Founded in October 2000, the Child Neurology Foundation was created as the outreach and philanthropic arm of the Child Neurology Society. Members of the Child Neurology Society include more than 1,300 child neurologists from the U.S. and Canada, as well as more than 30 other countries around the world.
Mission of the Child Neurology Foundation
• Advocate for children and adolescents with neurologic and
• Fund neurologic research of young investigators
• Promote awareness of career opportunities in child neurology
• Provide public, professional, and patient education programs
• Support the activities and mission of the Child Neurology Society
Since 2001, the Child Neurology Foundation has awarded more than $1 million in scholarships, research grants, and other awards to more than 50 medical professionals and students.
As part of its mission, the Child Neurology Foundation is dedicated to furthering scientific research to develop better treatments and ultimately cures for childhood neurologic diseases. In 2009, CNF received funding for Infantile Spasms research. The inaugural “CNF 2010 Logan Infantile Spasms Research Award” has been awarded to Catherine Chu-Shore, Ph.D. of Massachusetts General Hospital, who will focus her research on the “Functional Network Connectivity” in Infantile Spasms.
“Before she was diagnosed with infantile spasms, Hannah was babbling and making sounds. She lost her vocalization for awhile. At around 8 months old, post-treatment, she was able to sit unassisted and started laughing and making noises again. My greatest sadness is that there have been so many things that have happened in this past year – and I feel like we’ve missed out on enjoying each moment. I think we’re just starting to be able to learn to enjoy those little moments – we celebrate each and every thing Hannah does.”
- Shannon and Rod Geoghegans on importance of being aware and early/aggressive diagnosis/treatment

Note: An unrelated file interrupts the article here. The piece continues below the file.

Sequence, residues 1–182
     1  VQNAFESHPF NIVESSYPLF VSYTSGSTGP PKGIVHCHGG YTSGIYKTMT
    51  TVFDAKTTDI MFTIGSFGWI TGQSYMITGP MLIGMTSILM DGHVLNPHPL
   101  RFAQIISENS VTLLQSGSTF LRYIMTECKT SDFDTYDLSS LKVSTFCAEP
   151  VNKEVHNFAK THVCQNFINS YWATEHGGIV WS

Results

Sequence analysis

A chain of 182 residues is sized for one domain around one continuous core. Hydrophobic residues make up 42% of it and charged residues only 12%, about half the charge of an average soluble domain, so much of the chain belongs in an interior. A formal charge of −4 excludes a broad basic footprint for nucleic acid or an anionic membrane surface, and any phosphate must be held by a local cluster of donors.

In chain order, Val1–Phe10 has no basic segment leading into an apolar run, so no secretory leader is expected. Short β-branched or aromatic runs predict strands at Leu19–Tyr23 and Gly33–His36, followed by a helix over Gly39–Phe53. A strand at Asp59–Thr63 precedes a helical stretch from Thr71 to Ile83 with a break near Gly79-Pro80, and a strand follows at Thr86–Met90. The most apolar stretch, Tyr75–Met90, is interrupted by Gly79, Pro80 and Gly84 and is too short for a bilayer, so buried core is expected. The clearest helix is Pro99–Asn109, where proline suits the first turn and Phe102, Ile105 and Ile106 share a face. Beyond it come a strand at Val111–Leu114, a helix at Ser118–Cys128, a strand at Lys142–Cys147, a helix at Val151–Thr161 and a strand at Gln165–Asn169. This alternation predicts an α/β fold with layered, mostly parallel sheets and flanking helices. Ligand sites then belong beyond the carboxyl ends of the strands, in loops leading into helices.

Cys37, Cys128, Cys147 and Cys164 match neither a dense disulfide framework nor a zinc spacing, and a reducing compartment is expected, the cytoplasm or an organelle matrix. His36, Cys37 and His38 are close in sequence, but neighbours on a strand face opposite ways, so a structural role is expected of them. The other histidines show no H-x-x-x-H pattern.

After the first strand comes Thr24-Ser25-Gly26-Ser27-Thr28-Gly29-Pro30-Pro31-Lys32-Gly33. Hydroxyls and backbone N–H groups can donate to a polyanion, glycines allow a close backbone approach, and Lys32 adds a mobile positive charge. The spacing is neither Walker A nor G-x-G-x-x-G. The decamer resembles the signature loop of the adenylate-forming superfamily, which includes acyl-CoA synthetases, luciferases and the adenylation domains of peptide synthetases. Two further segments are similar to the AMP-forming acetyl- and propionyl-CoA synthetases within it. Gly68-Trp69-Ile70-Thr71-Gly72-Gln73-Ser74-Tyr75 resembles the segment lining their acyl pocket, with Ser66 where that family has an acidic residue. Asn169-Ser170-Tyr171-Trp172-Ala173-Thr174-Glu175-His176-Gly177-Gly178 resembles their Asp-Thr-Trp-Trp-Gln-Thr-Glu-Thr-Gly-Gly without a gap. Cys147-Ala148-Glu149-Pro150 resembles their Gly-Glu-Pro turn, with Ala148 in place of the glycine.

In 2009, the Child Neurology Foundation proudly announced the creation of Infantile Spasms Awareness Week. The goal of IS Awareness Week is to provide pediatricians, child neurologists, parents and caregivers with objective educational tools which will increase awareness and understanding of infantile spasms. Early and aggressive treatment can impact the prognosis of infants diagnosed with IS. This important educational initiative will help to ensure that physicians have an increased awareness and understanding of IS. It will also make much needed educational materials available to the parents and caregivers of afflicted infants.
“Infantile Spasms Awareness Week is a great project for many reasons. Most obviously, it shows the importance of the recognition of such a potentially devastating disorder. It also shows the fact that industry and the child neurology community can cooperate in a responsible and ethical way and advance the causes in which we both believe.”
Lawrence Brown, M.D.
Associate Professor of Neurology and Pediatrics
Children’s Hospital of Philadelphia
Always consult your physician before selecting a treatment plan. All information provided by the Child Neurology Foundation on its website or in printed material is for informational and educational purposes only. Readers are encouraged to confirm the information contained herein with other sources. Patients and consumers should review the information carefully with their professional health care provider. Side effects and drug interactions are always a possibility. This information is not intended to replace medical advice offered by physicians.
For more information on infantile spasms please visit:
For more information on the Child Neurology Foundation please visit:
“What we hope to do on the Child Neurology Foundation’s website and on our IS designated website (www.infantilespasmsinfo.org) is to provide information you can trust. There are so many sources of information you can trust. There are so many sources of information out there that aren’t vetted by anybody, not by a doctor, let alone a child neurologist. We want to make sure that this information is completely honorable, vetted, and trustworthy so that parents are as informed as possible before going to see their pediatrician or child neurologist.”
- John Stone, Executive Director, Child Neurology Foundation
The Child Neurology Foundation wishes to thank all of the doctors involved in creating the content for all materials involved in IS Awareness Week. CNF also wishes to thank Questcor Pharmaceuticals for its unrestricted educational grant.
(Questcor had no involvement in the content of these materials).
Child Neurology Foundation
201 Chicago Ave, #200
Minneapolis, MN 55415